16 Jul 2013, 02:25
Dave_gnome_head_isolated_pragsmall

Dave Thomas (337 posts)

  • Write a function MyList.span(from, to) that returns a list of the numbers from from up to to.
A Possible Solution
defmodule MyList do

  def span(from, to) when from > to, do: []

  def span(from, to) do
    [ from | span(from+1, to) ]
  end

end

IO.inspect MyList.span(5, 10)
05 Aug 2013, 22:01
Generic-user-small

Garry Watkins (1 post)

Dave, you need to watch out for tail recursion (the last operation is not the recursive function call). You should use an accumulator then reverse it. It is much more efficient.

defmodule MyList do
    def span(from, to) when from <= to do
        _span(from, to, [from])
    end
    
    def span(from, to) do
        span(to, from)
    end
    
    defp _span(from, to, acc) when from  == to do
        acc |> :lists.reverse
    end
    
    defp _span(from, to, acc) do
        x = from + 1
        _span(x, to, [x | acc])
    end
end
08 Aug 2013, 19:05
Dave_gnome_head_isolated_pragsmall

Dave Thomas (337 posts)

Just how much more efficient for a typical case, though?

I agree in general, but I have an interesting experience. When I first started coding elixir, I tried hard to be tail recursive. But when I posted that code, beginners said it was confusing, and experienced Erlang and Elixir programmers said it probably wasn’t necessary. So I now treat writing tail recursive code as an optimization, and like more optimizations, I do it only if I find I need to.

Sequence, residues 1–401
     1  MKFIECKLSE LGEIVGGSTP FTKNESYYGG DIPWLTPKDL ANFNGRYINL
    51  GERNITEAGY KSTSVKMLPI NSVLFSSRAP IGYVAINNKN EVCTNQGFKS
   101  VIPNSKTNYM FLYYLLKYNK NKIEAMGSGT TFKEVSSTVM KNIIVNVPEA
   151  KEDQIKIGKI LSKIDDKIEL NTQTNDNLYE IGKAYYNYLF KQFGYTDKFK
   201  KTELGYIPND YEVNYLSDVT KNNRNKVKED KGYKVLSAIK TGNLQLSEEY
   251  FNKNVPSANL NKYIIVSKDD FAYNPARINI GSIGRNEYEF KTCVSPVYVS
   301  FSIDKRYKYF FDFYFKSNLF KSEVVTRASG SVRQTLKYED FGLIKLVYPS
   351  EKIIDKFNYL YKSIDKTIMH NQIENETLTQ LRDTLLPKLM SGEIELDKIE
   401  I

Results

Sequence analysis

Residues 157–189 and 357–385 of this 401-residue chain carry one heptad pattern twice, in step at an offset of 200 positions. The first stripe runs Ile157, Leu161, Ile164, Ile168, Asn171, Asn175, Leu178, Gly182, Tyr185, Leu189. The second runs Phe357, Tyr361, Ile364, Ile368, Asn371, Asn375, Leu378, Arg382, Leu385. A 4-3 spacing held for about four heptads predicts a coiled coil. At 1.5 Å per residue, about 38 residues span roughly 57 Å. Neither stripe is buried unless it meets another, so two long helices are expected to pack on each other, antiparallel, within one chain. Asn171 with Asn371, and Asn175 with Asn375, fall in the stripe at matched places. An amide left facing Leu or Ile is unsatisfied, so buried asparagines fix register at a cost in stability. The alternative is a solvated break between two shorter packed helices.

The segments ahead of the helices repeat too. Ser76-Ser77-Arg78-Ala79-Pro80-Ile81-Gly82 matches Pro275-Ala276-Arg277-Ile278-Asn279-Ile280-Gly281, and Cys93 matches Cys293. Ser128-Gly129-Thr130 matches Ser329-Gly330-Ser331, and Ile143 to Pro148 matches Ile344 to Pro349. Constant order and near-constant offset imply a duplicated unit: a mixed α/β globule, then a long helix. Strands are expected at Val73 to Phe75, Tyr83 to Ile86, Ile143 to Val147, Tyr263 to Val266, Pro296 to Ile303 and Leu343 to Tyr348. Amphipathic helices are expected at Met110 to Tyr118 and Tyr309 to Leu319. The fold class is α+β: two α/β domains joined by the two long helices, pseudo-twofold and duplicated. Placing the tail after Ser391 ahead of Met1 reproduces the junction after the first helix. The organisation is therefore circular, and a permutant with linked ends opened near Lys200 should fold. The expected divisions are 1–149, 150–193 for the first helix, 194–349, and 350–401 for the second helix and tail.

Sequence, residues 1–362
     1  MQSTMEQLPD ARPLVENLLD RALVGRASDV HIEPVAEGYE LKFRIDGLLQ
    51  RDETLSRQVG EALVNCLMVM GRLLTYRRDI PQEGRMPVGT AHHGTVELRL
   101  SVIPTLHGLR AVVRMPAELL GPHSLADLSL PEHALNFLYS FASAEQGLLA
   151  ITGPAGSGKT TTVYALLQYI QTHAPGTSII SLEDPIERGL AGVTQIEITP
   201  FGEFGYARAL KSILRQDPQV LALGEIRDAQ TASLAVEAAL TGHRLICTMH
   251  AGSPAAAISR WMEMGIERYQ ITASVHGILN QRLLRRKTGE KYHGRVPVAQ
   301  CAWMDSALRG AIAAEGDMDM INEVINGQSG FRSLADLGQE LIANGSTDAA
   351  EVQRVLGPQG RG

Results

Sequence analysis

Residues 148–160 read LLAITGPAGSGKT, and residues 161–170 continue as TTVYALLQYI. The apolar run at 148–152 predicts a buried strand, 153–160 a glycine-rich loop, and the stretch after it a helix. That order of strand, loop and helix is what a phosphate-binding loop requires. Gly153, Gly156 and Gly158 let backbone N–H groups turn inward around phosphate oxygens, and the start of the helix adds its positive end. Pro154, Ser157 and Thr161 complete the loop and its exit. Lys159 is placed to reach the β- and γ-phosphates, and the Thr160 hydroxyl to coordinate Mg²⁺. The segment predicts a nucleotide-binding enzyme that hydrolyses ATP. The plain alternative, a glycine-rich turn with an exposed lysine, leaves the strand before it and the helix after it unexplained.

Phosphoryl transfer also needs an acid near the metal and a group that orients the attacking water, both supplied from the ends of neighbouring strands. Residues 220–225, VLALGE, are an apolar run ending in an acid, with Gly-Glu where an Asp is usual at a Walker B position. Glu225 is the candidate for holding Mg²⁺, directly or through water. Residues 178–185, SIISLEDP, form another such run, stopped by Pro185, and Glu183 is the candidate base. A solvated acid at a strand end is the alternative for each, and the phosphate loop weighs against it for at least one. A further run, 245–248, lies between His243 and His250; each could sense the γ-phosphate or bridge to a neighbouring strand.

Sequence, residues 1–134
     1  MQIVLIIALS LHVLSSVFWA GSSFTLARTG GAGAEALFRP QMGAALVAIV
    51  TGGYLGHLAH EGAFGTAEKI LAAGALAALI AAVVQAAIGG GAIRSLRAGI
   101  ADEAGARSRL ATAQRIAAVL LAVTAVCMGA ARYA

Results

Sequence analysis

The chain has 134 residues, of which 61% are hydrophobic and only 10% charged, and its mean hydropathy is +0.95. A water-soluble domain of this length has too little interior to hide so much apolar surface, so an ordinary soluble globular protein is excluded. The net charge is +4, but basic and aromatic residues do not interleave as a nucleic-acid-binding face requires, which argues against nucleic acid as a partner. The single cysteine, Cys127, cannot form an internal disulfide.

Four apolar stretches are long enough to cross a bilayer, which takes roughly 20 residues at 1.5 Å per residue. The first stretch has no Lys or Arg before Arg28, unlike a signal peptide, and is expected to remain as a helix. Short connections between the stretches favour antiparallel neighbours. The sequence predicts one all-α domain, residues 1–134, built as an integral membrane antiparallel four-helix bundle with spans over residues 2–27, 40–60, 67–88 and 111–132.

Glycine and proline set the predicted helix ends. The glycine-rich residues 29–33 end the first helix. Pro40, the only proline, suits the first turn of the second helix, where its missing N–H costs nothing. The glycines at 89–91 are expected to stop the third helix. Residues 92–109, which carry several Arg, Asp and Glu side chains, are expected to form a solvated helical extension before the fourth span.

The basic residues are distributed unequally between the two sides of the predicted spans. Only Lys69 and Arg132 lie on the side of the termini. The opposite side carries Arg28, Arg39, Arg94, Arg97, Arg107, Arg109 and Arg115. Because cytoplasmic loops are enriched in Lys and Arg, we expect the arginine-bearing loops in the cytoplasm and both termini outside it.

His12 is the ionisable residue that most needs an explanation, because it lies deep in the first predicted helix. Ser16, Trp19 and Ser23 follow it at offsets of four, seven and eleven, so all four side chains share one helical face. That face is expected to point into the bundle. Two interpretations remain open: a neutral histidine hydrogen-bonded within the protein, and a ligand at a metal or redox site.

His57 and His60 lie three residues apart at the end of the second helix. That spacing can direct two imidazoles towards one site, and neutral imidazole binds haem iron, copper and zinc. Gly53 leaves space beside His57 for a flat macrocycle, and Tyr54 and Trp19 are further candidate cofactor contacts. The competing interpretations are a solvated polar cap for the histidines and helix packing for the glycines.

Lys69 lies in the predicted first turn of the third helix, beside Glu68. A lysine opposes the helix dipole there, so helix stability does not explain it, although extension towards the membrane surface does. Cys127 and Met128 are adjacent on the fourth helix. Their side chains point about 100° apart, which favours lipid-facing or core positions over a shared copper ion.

22 Aug 2013, 08:59
91794c7bbbe28cb7e4f624e827ba1f35_pragsmall

Gabe Hollombe (2 posts)

My version ended up being very similar to @Dave’s above. The only difference is that I used pattern matching in the arguments list instead of a when clause. I don’t think this is easier to read than using when but do other folks have an opinion here on which is more idiomatic Elixir?

defmodule MyList do
  def span(_from=to, to), do: [to]
  def span(from, to), do: [ from | span(from + 1, to) ]
end
03 Sep 2013, 20:41
200-g_pragsmall

Aleksey Gureiev (8 posts)

Gabe, you aren’t looking out for “from” being greater than “to”. If you go down that path, I would recommend doing it like:

defmodule T do
  def span(to, to), do: [ to ]
  def span(from, to) when from < to, do: [ from | span(from + 1, to) ]
end
25 Sep 2013, 04:49
Ac_simpsonized_pragsmall

Antonio Carlos da Graça Mota Durão de Souza (5 posts)

I did as @AlekseyGureiev. But, did not handled case when: from > to

defmodule MyList do
  def span(from, to) when from == to, do: [from]
  def span(from, to) when from <  to, do: [from | span(from + 1, to)]
end
27 Jan 2014, 14:00
Generic-user-small

Alan Gardner (6 posts)

I started with …

def span(from, to), do: Enum.to_list(from..to)

but then realised that was cheating ;)

Ended up with …

def span(to, to), do: [to]
def span(from, to) when from > to, do: span(to, from)
def span(from, to), do: [ from | span(from + 1, to) ]
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